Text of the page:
# Problem with resources, Walter Lewin's third lecture

I've watched Walter's third lecture in 8.01 and I have a small problem with the last part, where he says that $$\vec r_t=x_t\cdot \hat x\ +\ y_t\cdot \hat y\ +\ z_t\cdot \hat z \\ \vec v_t=\frac{d\vec r}{dt}=\dot x \hat x\ +\dot y \hat y\ +\dot z\hat z\\ \vec a_t=\frac{d\vec v}{dt}=\ddot x \hat x\ +\ddot y \hat y\ +\ddot z\hat z$$ and I have NO problem in understanding that, at least intuitively, but where can I find a resource to read about that in detail? a book that's only prerequisite would be calculus 1, I need some exercises on that topic and I can't really find something like that in Giancoli

• You are supposed to understand the concept and be able to generalise it from 2D to 3D yourself. Commented May 22 at 0:43

I don't think you really need a rigorous proof here. I mean the first one is the definition of position and then to get the others you're just taking the derivative and applying linearity and the fact that for cartesian coordinates the basis vectors are constant even if the object in question changes position. $$\frac{\mathrm{d}}{\mathrm{d}t}(f+g+\ldots)=\frac{\mathrm{d}f}{\mathrm{d}t}+\frac{\mathrm{d}g}{\mathrm{d}t}+\ldots \\ \frac{\mathrm{d}}{\mathrm{d}t}(x(t)\hat{x})=\frac{\mathrm{d}x}{\mathrm{d}t}\hat{x}+x\frac{\mathrm{d}\hat{x}}{\mathrm{d}t}=\frac{\mathrm{d}x}{\mathrm{d}t}\hat{x}+x\times 0$$ Note that if you are not cartesian coordinates things aren't so simple, in spherical coordinates $$\frac{\mathrm{d}\hat{r}}{\mathrm{d}t}\neq 0$$ if the particle in question is changing coordinates.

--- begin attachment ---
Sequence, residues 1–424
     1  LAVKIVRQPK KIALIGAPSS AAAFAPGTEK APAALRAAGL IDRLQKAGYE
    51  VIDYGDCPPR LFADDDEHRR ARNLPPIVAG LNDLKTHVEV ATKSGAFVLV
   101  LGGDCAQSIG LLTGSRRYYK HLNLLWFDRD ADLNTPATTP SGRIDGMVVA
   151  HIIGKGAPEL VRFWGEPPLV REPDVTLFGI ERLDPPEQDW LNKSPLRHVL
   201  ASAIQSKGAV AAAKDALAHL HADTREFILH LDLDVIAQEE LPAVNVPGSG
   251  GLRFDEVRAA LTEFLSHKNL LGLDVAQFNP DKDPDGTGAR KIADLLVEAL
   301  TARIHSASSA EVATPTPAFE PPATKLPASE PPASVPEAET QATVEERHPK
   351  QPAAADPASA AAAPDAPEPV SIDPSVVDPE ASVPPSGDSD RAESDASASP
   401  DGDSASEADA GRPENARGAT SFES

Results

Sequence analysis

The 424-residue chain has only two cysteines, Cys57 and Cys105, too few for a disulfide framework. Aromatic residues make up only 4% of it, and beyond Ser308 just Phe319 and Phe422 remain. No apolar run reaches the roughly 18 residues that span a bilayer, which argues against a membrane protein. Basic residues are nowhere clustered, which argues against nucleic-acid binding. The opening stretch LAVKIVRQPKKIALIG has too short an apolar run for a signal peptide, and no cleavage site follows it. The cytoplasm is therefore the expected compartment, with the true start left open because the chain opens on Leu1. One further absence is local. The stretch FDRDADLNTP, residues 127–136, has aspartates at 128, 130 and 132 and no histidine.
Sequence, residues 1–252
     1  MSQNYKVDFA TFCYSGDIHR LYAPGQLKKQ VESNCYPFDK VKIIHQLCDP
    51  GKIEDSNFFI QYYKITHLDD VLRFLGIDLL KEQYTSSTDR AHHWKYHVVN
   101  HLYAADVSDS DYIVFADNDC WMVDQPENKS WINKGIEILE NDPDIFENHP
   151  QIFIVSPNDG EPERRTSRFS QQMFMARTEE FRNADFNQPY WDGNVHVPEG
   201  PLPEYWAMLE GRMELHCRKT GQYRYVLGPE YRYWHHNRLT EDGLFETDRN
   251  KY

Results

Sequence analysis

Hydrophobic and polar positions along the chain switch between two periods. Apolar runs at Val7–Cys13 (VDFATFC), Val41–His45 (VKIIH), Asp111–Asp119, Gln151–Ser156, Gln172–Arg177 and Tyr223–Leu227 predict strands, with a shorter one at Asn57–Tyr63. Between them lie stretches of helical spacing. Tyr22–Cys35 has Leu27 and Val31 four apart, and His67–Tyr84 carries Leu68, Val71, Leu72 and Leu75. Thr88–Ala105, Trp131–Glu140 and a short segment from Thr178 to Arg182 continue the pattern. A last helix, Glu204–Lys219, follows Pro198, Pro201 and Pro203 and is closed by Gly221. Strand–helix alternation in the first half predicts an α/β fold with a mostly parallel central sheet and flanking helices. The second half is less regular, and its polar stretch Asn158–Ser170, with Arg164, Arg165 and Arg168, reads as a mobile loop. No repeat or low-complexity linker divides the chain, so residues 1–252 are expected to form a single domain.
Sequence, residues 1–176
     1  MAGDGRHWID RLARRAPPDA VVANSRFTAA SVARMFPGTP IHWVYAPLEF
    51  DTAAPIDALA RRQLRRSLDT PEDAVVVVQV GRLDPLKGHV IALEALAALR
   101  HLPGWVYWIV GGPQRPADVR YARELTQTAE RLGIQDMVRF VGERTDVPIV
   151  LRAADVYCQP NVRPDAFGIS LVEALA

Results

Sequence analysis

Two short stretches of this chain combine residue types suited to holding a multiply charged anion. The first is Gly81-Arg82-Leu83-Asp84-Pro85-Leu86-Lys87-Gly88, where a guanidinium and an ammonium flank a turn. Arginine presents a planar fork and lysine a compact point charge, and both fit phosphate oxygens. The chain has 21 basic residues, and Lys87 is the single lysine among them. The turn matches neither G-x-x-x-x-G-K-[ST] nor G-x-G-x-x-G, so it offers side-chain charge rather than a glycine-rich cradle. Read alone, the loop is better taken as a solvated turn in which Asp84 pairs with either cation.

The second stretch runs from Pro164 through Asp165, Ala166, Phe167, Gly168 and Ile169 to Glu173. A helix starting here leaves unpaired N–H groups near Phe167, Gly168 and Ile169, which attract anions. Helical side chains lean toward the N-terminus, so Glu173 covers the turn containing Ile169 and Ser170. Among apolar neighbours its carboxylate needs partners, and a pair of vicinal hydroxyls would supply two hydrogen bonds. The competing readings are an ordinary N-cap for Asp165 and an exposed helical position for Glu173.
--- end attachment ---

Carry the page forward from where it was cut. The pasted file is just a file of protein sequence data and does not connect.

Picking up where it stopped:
Well $$v_t$$ here refers to the instantaneous speed of the subject particle and $$a_t$$ refers to instantaneous acceleration.

Let us look at this in 1D plane where x is the position vector of a small particle from the origin along the x axis.

We know very well that $$v = \frac{x}{t}$$where x is displacement in time t. ( Velocity is the rate of change of distance travelled in a particular direction)

Now , if we consider a small distance dx travelled in a small time dt by the particle ( along the x axis of course ), the velocity of the particle at a time t is ( Again, rate of change of displacement w.r.t time ) : $$v_t = \frac{d\vec{x}}{dt}$$ This is basically the instantaneous speed of the particle at a time t when x is a function of time t

Now since acceleration is the rate of change of velocity, the same applies to it as well.

This works for 2D and 3D as well by separately resolving the vectors and using this for each individual vector.

What Prof.Lewin has done is the same, except here he has written $$\bar{r}$$ ( which is called the position vector ) in terms of $$\hat{x}$$, $$\hat{y}$$ & $$\hat{z}$$ which are the position vectors along x axis, y axis and z axis respectively. When we differentiate this position vector we do it by individually differentiating in each direction as it is the sum of 3 functions basically.

If you still haven't understood the math, then you can probably find more about it under "Application of Derivatives", but in a math book, probably not in a physics book.